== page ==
Pension policy rears its head highest, though it always seems to be focused on the ‘grey vote’ even though one person’s higher pension is another person’s higher taxes. Labour promises to uprate the basic state pension in line with earnings from 2012, sooner than is absolutely required by legislation or committed by the current government. Towers Watson points out that this is likely to impose a cost of £2bn a year more by 2015 than retaining price inflation as the benchmark until then.

Commenting on the silences in the Labour manifesto, John Ball of Towers Watson suggests: "There is a hint that the state pension age would not rise any further than planned and that no more reforms to public sector pensions would be on the cards under Labour. But neither change is completely ruled out, so pensions could still play a role in balancing the books if Labour won."

The Conservatives have been most vocal on their proposed change to the rise in National Insurance from 2011, and on their proposal to accelerate the rise in state pension age - differentially for men (aged 66 after 2016) and women (after 2020). They and the Liberal Democrats propose to remove compulsory annuitisation from defined contribution funds, provided people have enough left to live off without claiming means-tested benefits.

Occupational pensions are harder to address. The Tory plan for "reinvigorating occupational pensions and working with employers and industry to support autoenrolment into pensions and looking at how we can simplify the rules and regulations round pensions" lacks detail. Their approach to the National Employee Savings Trust seems to be to review it and its viability if they are elected.

The restriction of tax relief to basic rate for very high earners would go ahead as planned under Labour and the Conservatives make no suggestion that they would not proceed. The Liberal Democrats go one step further and propose to abolish higher-rate tax relief for anyone. The Conservatives make a statement that they will "address the growing disparity between public sector pensions and private sector pensions" without saying quite how. As they are unlikely to force private employers to increase benefits, the informed reader might expect them to be focused on reducing public sector benefits.One promise they make, which sounds difficult to implement, is to cap public sector pensions at £50,000, regardless of how long the public servant has worked. They also intend to end MPs’ final salary pension scheme. The Liberal Democrats promise to address public sector pensions, with possible further cost-capping or rises in pension age.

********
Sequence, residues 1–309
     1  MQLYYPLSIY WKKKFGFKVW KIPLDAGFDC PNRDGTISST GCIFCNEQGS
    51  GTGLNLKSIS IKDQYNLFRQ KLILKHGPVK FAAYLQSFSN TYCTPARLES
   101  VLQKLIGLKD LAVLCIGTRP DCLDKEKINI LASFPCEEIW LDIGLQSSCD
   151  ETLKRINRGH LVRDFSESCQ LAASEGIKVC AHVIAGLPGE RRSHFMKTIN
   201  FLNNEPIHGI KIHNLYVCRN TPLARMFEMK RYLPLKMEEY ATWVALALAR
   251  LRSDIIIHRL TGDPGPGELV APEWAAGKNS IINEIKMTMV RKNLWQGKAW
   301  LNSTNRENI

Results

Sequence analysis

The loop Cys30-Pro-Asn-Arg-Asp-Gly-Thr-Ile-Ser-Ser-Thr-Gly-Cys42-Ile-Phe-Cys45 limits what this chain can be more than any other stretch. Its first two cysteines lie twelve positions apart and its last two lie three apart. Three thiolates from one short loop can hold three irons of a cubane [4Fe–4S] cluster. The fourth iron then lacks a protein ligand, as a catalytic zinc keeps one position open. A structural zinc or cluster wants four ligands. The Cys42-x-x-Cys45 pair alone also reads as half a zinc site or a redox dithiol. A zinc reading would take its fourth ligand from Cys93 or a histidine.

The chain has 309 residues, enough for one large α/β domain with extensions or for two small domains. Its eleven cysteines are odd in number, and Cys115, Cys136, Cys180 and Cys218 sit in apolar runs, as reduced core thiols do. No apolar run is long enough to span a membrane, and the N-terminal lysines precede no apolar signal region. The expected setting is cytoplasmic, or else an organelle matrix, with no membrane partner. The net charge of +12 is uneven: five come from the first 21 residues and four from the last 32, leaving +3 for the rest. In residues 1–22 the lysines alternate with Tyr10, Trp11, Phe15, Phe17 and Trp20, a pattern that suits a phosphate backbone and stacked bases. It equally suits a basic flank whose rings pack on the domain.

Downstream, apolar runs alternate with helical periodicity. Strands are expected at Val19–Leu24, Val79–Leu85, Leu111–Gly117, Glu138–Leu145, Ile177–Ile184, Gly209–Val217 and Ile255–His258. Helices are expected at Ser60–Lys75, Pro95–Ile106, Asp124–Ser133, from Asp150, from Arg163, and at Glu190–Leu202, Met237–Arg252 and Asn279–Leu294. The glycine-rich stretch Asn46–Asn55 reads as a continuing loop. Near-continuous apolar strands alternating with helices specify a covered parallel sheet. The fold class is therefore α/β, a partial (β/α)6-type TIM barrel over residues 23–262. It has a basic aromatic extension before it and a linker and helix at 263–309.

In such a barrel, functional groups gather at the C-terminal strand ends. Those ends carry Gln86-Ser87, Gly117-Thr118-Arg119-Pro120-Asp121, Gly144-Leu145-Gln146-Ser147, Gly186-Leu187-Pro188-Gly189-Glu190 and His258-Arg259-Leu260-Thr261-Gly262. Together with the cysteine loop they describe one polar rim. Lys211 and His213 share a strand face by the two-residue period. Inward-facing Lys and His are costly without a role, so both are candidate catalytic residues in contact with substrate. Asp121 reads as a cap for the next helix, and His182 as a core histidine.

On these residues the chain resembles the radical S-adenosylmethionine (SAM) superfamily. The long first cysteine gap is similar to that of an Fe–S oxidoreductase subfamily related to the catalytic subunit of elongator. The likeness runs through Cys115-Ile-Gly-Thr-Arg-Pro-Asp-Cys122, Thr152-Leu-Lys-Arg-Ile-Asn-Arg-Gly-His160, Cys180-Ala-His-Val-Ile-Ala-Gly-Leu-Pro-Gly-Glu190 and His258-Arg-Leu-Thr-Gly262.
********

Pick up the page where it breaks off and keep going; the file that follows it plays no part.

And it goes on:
There are few commitments in the area of insurance. One of note, however, is confirmation from the Conservatives of support for the concept of someone paying a one-off premium (around £8,000) to cover the risk of long-term care and protecting their home from having to be sold to fund residential care-costs.

The Conservatives also plan to reform the Financial Services Authority (FSA), by bringing in a Consumer Protection Agency to take over the FSA’s consumer protection roles. Interestingly, they propose to bring in a power to ‘define and ban excessive borrowing rates on store cards’, something in which politicians have, until now, been loathe to interfere. In a strange reversal of the private/public sector divide, it is the Conservatives who plan a ‘national financial advice service’ funded by a levy on financial services.

The Liberal Democrats say plenty about ‘clamping down’ on ‘obscene bonuses’ in banks and a requirement for the publication of the name of anyone paid more than the prime minister.

One thing is likely on pension policy - there will be plenty of pension ministers whoever wins. The veteran industry commentator, Steve Bee, has updated a list on his website since 1997 - nine secretaries of state and 11 junior ministers in a total of 15 different teams in 13 years. Few people seem to hang around for long in a pensions policy spot.